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It is quite interesting to observe that for millenia, two neighbouring countries, ethnically, linguistically, racially diverse and for some time religiously as well were able to co-exist for thousands of years without wars in between. European powers been fighting each other for centuries, Greeks, Romans, Persians, Mongols, Arabs ..etc.

How could India and China maintain the peace for that long (Ignoring some recent post WWII border skirmishes)?

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The almost continuous wall of mountains that separates the two countries was probably a factor, especially in pre-industrial times... –  Yannis Rizos Jul 17 at 14:05

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Because China was actually pretty far from India.

For most of the past millennia, China and India were not "neighbouring countries" in any meaningful sense of the word. Most Chinese empires did not actually stretch all the way to the Indian subcontinent. It seems you're considering China and India based on their modern borders, but that is misleading: modern China possesses vast territories beyond its historic core.

Although the Chinese established wide ranging empires at different points of history, they did so from a home country that's roughly located like the red shaded region below:

enter image description here

The maximum extent of Chinese empires (the yellow bits) reflected the limits of their logistics from home. This "supply range", if you will, reached its longest under the sophisticated military science of the Manchurian war machine, during the Qing Dynasty.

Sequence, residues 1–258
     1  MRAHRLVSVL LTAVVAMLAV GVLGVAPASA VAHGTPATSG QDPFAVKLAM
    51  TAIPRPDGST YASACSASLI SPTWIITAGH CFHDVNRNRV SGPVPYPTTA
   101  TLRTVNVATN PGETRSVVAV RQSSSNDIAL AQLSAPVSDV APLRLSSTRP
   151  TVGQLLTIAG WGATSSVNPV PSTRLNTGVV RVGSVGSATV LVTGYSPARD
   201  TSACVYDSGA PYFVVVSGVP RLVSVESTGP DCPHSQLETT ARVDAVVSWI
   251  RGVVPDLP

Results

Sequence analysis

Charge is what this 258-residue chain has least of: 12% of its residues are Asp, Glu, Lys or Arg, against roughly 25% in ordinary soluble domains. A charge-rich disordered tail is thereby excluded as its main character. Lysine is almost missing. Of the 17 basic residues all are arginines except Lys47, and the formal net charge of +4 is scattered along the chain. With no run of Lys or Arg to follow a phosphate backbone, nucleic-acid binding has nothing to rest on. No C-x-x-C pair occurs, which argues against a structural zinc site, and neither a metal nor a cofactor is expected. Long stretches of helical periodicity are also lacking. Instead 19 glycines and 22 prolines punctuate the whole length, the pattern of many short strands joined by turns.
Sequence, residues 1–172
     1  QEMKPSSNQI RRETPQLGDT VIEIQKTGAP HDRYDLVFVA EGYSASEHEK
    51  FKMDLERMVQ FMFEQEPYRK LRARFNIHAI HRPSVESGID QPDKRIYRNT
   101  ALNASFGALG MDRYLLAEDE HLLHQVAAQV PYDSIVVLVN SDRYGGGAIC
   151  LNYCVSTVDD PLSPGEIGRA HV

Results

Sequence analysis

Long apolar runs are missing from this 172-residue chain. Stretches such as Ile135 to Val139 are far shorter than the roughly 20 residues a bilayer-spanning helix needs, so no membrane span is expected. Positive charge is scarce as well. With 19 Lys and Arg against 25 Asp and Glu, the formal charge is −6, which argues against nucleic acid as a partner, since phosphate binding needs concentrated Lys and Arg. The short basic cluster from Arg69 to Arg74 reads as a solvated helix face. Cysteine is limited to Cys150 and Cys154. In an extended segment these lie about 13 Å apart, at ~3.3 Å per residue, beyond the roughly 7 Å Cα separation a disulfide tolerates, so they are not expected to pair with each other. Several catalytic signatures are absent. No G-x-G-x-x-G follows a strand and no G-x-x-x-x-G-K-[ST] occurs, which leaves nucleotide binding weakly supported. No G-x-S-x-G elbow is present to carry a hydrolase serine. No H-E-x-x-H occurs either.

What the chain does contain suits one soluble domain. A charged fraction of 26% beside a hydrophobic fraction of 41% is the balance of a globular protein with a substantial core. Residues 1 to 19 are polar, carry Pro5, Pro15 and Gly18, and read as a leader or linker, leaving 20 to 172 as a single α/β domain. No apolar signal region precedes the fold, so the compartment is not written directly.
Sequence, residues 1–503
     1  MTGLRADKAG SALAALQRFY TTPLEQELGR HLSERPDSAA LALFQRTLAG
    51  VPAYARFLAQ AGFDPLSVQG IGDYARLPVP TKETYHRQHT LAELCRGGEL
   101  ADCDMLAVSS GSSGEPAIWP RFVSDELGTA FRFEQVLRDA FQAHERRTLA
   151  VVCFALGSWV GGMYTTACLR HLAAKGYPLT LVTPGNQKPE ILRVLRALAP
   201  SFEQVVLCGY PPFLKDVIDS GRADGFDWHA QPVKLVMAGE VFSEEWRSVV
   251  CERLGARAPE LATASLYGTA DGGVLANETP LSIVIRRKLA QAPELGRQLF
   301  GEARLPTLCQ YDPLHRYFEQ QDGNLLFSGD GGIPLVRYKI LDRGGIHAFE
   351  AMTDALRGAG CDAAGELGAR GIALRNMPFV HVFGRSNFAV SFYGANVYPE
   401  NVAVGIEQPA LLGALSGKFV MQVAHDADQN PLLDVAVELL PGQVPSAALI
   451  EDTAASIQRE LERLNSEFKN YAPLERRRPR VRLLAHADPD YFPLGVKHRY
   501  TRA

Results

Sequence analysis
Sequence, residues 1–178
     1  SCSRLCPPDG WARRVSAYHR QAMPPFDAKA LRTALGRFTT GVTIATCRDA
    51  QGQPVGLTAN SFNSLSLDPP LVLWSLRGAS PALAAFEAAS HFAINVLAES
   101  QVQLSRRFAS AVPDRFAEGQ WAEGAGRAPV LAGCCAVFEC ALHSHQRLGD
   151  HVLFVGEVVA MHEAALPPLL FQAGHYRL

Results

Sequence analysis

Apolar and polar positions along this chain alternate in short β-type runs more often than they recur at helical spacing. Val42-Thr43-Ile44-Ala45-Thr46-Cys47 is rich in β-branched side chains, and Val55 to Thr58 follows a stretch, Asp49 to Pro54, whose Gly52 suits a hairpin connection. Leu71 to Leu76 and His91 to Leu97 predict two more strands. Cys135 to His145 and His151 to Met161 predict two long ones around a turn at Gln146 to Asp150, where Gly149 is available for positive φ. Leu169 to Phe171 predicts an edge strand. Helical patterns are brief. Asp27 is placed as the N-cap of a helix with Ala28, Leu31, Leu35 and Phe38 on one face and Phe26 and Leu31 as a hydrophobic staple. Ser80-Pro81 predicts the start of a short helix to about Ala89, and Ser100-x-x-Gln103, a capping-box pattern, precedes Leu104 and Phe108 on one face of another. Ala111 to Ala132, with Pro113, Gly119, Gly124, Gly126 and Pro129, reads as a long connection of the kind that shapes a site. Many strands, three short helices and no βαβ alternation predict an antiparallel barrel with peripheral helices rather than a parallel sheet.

The hostile geography in India's direction, and huge distances involved, made it difficult for China to actively pursue war any further from home. For reference, expeditions to Korea were major causes in ruining the once mighty native Chinese Sui and Ming Empires. And Korea could be resupplied by ships.

Actually, China has not historically been particularly adept at waging large scale war over long distances. Most of China's modern conquests are a legacy of its Manchurians conquerors, who ruled China for most of the modern era up until 1911.

Now, the maximum extent of Qing rule is mostly preserved today barring Manchuria and Mongolia. If you look at the modern border,

enter image description here

You can see that India actually neighbours Tibet and, further north, Xinjiang. Although both regions are now under the ultimate control of Beijing, that is not the case for most of recorded history.

Xinjiang

Literally "New Territories", Xinjiang was home to a series of different peoples and polities until 1759. This regions were at times under a strong China's influence, notably during the Tang Empire, but invariably Chinese power would wane amid civil war and internal unrest. None of China's previous "conquests" here, which were often achieved via diplomatic means (notably by wedding princesses to local rulers), lasted long.

That changed only in the mid-18th century, when the Qing Empire launched a series of brutal wars that forcibly put the region into the Qing Empire in a process so bloody it has been termed a genocide.

天無所訴,地無所容,自作自受,必使無遺育逸種於故地而後已。計數十萬戶中,先痘死者十之四,繼竄入俄羅斯、哈薩克者十之二,卒殲於大兵者十之三,除婦孺充賞外,至今惟來降受屯之厄魯特若干戶,編設佐領昂吉,此外數千里間無瓦剌一氈帳

Roughly translated: They have no appeals to Heaven and no place on Earth. They brought this on themselves. They will leave none of their seed in their homeland. Of the hundreds of thousands of families, four in ten died of disease; two in ten fled into Russia and Kazakhstan; three in ten were vanquished by our army. With the exception of women and children taken as rewards, only a handful of Oirat(?) families who surrendered remained. Other than that there not a single tent remained across thousands of miles.

-- A Military History of the Qing Dynasty, by Wei Yuan.

Tibet

Once upon a time Tibet was, in fact, a powerful empire that posed a credible threat to Tang China. That did not last; however, like Korea, Tibet remained a distinct polity separate from China in most of the centuries since. While Tibet was always liable to be within the Chinese sphere of influence (again c.f. Korea), this only became more pronounced from the late 18th century onward.